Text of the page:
Countries transitioning out of violent conflict are more successful in achieving lasting peace when representative institutions are inclusive and manage reconciliation processes fairly. The end of violent conflict does not guarantee a political voice for former combatants or reintegration into society. By its nature, violence also generates victims, who must be central actors in the development of peace accords, reparations plans and transitional justice systems. In a post-conflict context, the development of transitional democratic political processes is necessary for fostering reconciliation and building peace.
In recent years, Colombia, home to the longest ongoing violent conflict in the Americas, has taken steps to develop these political processes as it seeks to transition from war to peace. Since the 1960s, the government of Colombia has been at war with armed revolutionary guerrilla groups. However, it launched peace negotiations with the largest armed group, the Revolutionary Armed Forces of Colombia (FARC) in 2012 and will soon begin negotiations with the second largest group, the National Liberation Army (ELN). After four years of talks, the government reached an agreement with the FARC that was met with widespread international support. However, it was put to a public plebiscite on October 2 and rejected by citizens in a razor-thin margin of less than half of one percent. Despite this setback, the government and FARC have maintained a ceasefire and insisted on their commitment to finding a negotiated settlement. If successful, these negotiations would end a five-decade war that has generated more than 8.1 million victims. In anticipation of its successful conclusion, the government has taken significant steps to provide reparations and establish new processes and political bodies for victims to become involved in politics at the local, regional and national level.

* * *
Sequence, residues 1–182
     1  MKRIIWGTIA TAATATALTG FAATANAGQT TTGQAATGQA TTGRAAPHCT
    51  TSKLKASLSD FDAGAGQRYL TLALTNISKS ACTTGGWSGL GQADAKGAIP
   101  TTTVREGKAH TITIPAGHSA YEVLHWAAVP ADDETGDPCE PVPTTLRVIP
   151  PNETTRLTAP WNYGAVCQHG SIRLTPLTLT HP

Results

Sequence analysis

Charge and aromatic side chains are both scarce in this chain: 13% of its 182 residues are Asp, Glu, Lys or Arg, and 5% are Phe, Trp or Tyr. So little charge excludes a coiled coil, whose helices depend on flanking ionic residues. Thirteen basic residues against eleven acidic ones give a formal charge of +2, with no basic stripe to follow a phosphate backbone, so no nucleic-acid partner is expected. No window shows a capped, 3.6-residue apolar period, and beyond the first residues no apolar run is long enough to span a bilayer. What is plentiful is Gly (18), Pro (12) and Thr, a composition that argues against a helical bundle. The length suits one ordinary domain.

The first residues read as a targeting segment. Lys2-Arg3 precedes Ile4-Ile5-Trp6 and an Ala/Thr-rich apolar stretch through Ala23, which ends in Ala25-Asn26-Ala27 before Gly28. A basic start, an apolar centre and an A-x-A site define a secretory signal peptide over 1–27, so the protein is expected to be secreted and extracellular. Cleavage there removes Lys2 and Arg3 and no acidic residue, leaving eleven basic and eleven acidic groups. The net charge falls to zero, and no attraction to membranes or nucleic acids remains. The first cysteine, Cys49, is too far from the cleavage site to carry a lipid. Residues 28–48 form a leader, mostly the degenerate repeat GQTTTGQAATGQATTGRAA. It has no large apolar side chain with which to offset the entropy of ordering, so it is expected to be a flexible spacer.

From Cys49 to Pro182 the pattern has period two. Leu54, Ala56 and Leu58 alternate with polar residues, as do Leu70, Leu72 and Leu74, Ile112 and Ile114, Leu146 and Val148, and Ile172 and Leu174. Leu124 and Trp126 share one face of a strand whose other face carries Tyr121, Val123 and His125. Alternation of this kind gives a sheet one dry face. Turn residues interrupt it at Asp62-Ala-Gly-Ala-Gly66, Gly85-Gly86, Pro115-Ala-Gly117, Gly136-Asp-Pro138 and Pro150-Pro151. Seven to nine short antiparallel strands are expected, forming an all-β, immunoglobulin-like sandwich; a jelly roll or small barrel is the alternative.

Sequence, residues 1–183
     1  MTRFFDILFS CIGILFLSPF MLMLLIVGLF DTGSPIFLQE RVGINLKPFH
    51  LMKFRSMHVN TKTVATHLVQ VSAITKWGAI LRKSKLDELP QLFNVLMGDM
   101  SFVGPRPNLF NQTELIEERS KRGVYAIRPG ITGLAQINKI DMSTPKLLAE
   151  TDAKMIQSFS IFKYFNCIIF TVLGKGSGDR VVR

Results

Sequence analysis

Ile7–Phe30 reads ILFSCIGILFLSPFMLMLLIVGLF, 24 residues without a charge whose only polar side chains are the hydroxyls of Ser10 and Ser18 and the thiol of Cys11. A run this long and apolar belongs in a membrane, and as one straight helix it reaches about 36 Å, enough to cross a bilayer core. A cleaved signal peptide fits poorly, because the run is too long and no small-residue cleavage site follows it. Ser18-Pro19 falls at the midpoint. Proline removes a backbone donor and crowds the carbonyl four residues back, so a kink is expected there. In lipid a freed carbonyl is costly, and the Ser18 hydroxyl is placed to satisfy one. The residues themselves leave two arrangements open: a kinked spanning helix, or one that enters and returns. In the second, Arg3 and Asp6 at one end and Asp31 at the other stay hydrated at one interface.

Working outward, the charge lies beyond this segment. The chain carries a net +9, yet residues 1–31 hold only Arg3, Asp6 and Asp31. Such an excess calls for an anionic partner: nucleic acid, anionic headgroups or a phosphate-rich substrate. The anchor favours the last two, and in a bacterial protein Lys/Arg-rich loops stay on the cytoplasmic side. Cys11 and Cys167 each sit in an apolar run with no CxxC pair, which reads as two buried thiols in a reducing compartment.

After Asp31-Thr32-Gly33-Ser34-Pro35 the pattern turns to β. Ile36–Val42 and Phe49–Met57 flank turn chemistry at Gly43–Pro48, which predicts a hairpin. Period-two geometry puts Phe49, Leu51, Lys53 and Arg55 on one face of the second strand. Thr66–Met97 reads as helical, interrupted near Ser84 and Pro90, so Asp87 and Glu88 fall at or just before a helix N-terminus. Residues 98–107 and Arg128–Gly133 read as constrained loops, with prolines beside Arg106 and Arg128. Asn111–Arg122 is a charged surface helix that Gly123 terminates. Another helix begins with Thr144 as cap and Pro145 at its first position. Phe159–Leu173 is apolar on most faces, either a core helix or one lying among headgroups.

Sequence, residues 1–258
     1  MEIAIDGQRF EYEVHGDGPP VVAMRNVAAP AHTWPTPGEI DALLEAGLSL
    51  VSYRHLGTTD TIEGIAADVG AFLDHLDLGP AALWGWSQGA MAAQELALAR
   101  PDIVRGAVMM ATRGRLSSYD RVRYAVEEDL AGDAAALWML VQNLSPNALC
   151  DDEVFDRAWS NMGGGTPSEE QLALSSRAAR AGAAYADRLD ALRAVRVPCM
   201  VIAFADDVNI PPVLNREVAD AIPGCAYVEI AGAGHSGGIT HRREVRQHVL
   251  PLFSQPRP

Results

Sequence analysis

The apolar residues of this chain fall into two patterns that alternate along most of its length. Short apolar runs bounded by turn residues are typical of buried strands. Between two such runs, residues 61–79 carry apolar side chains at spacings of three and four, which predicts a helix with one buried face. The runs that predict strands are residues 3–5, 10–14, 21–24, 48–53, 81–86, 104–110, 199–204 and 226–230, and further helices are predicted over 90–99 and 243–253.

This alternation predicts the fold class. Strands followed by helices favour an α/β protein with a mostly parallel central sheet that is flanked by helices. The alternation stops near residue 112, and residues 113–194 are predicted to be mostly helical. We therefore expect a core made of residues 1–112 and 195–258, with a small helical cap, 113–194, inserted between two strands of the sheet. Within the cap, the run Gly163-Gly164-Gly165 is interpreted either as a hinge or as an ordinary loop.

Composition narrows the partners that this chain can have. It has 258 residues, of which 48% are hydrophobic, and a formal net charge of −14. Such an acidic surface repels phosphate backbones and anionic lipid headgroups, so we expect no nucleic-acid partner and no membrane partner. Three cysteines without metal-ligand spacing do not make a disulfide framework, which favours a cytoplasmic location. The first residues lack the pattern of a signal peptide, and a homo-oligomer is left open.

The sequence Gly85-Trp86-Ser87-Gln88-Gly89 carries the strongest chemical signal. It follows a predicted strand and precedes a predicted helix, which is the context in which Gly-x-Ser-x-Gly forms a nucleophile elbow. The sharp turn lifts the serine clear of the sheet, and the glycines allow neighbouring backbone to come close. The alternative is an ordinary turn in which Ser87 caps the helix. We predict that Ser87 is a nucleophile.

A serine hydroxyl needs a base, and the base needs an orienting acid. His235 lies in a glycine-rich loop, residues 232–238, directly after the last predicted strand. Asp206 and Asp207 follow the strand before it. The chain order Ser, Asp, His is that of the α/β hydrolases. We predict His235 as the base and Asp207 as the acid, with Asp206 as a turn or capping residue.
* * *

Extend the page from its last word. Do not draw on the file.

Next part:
Reparations can play a central role in satisfying victims’ expectations for justice and establishing rule of law, as well as providing redress for harms suffered. Reparations can take a number of forms, including financial compensation, guarantees of non-repetition, new legislation, social services, or symbolic gestures such as official apologies. These actions are influential in rebuilding trust in institutions and establishing government responsiveness to citizens’ needs, particularly if they are approached and implemented in an inclusive way.
Through a 2011 law, the government established the Unit for the Care and Reparation of Victims (Unidad para la Atención y Reparación Integral a las Víctimas, Victims Unit), charged with supporting victims to participate in policy design and implementation, and for helping establish democratically-structured “Victims Participation Roundtables” (mesas de participación efectiva de víctimas, VPRs) in each of Colombia’s 1,122 municipalities and 32 provinces to work with authorities to address victims’ grievances. These victims include those who experienced torture, kidnapping, displacement, sexual violence, murder of a family member, or other serious crimes. As marginalized populations are often disproportionately affected by violent conflict, the VPRs reserve seats for vulnerable groups such as women, Afro-Colombians, indigenous peoples and lesbian, gay, bisexual, transgender and intersex (LGBTI) individuals. The VPRs also provide a mechanism for victims to have a voice in public policies regarding issues that impact them, such as reparations and land rights.